I wonder about those things too (obviously), Vince. I think that celebrities help with exposure, but then you also have the “poser” mentality, too. I don’t think John’s an eco-poser, but I just wonder how well he (and his fellow celeb friends) are educated in WHY they should be doing certain eco things and if it’s out of genuine interest or political statement of just to be in vogue. For all I know he could have been doing this for a long time on his own…it’s just when companies start to approach is when I question. I think the biofuel thing has caught on with a lot of musicians, too, but then again—biofuels have their ups and downs.

I think this just begs the question of the give and take that sustainability offers—do this, it’s good, but this bad thing can also happen…ya know? I also don’t think it’s fair to say that only regular people can go eco and be true to it, and when celebs are eco, they are just making a fashion statement—we don’t really know, but our pessimistic minds lead us to think that way.

So back to the question of…is it good to have eco-hotties to further the environmental movement…sex it up a bit? Or does that make it very shallow/superficial/mainstream, etc.? Do we just take what we can get and run with it?

By the way, I would totally be in LEED Zeppelin with you. 🙂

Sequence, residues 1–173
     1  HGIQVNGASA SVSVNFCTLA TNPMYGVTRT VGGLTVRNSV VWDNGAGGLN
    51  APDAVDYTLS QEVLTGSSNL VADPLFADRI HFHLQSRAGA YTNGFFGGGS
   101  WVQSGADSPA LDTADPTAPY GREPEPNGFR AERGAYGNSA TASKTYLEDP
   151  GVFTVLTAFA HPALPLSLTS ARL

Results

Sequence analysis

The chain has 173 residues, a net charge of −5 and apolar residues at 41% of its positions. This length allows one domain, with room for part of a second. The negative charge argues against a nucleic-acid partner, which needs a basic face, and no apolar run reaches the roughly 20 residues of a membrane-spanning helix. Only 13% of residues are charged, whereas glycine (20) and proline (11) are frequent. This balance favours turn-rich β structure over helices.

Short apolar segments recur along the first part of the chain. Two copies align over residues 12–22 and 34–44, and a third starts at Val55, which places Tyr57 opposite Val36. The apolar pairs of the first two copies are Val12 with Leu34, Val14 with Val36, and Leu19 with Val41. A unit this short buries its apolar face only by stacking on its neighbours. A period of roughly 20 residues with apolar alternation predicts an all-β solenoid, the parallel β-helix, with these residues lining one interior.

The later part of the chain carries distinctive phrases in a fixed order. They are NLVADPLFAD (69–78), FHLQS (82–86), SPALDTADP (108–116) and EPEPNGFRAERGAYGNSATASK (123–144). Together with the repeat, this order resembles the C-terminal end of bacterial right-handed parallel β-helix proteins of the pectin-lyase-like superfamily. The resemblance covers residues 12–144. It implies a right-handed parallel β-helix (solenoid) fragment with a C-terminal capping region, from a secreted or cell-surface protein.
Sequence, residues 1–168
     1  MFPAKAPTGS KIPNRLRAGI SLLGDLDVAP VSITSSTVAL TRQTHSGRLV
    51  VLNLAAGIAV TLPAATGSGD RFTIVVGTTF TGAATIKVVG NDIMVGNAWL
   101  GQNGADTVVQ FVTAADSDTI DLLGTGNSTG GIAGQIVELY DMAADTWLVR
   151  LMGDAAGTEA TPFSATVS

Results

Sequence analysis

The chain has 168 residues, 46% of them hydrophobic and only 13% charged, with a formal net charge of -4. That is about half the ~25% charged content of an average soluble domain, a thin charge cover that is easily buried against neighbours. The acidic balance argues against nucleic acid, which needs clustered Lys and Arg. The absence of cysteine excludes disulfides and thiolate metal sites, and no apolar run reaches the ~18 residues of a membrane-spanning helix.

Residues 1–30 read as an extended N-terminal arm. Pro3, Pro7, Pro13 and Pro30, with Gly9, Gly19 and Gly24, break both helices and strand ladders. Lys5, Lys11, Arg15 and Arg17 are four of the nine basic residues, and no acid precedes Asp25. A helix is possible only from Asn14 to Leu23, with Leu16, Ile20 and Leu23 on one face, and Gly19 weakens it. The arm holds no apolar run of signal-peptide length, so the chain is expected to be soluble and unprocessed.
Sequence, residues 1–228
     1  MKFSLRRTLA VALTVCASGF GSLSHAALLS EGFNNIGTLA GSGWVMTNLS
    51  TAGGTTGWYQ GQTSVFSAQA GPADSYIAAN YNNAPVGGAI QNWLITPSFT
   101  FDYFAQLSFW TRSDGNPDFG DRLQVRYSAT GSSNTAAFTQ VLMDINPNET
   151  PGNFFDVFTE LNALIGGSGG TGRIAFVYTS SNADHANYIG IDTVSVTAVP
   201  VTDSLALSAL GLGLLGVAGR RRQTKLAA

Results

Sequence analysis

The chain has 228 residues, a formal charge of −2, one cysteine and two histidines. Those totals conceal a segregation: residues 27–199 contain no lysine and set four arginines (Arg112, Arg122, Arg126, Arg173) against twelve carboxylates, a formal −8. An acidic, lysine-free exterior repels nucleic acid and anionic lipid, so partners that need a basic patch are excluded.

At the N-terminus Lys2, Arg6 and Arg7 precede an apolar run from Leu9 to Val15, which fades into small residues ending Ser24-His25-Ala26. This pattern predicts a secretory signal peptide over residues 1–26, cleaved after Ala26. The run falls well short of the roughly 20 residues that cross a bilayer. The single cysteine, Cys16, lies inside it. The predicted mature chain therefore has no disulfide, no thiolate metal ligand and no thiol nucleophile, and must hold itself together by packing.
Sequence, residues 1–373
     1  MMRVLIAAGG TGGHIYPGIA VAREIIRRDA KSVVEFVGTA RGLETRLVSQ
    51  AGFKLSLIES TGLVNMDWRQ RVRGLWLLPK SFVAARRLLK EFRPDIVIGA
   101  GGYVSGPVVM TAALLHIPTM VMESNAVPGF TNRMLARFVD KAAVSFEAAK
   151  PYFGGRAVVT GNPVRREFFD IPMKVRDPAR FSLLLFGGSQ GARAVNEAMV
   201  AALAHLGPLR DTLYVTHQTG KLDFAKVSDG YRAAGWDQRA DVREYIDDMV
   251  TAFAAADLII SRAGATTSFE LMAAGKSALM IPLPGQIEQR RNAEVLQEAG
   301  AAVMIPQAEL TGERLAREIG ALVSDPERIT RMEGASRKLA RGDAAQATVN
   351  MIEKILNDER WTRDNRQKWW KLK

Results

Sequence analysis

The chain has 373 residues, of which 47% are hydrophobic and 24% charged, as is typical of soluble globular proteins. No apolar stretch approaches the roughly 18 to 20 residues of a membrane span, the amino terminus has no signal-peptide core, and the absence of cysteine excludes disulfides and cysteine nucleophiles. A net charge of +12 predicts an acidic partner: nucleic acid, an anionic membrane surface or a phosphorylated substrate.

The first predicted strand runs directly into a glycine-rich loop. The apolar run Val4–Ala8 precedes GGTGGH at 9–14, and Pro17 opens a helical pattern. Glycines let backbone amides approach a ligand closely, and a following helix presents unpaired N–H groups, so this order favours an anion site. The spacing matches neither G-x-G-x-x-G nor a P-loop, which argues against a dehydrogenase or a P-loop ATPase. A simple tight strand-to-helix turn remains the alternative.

Comment by kimwallace

I fell in love with John Mayer at that Live Earth concert. My sister and I turned to each other during his set in a sort of eco-epiphany and I kept hoping I would run into him backstage.

The card he designed is interesting. It is an example of cradle to cradle design in which the stuff we use becomes inputs for more stuff we can use. I like the concept – though I do wish we would just use less stuff. Yes, he could have designed an e-card and he may well do that, but he is also reaching a larger market by creating something tangible.

There are many reasons celebs and folks of all ilks are hopping on the green bandwagon. Some are more sincere than others. And it is very easy to ask why didn’t they do X instead of Y? I think we have to keep asking that question – and supporting the efforts that feel authentic to us.

As for research, I concur. We all need to do our homework. And I can say from my own limited experience with people asking me to endorse/ design/ support various initiatives, it is a challenge to stay on top of all if it and vet anything fully.

So, we all do our best and hope for the best. On the whole, consumers/ fans are getting smarter about knowing what is green and what is greenwash.


Comment by j500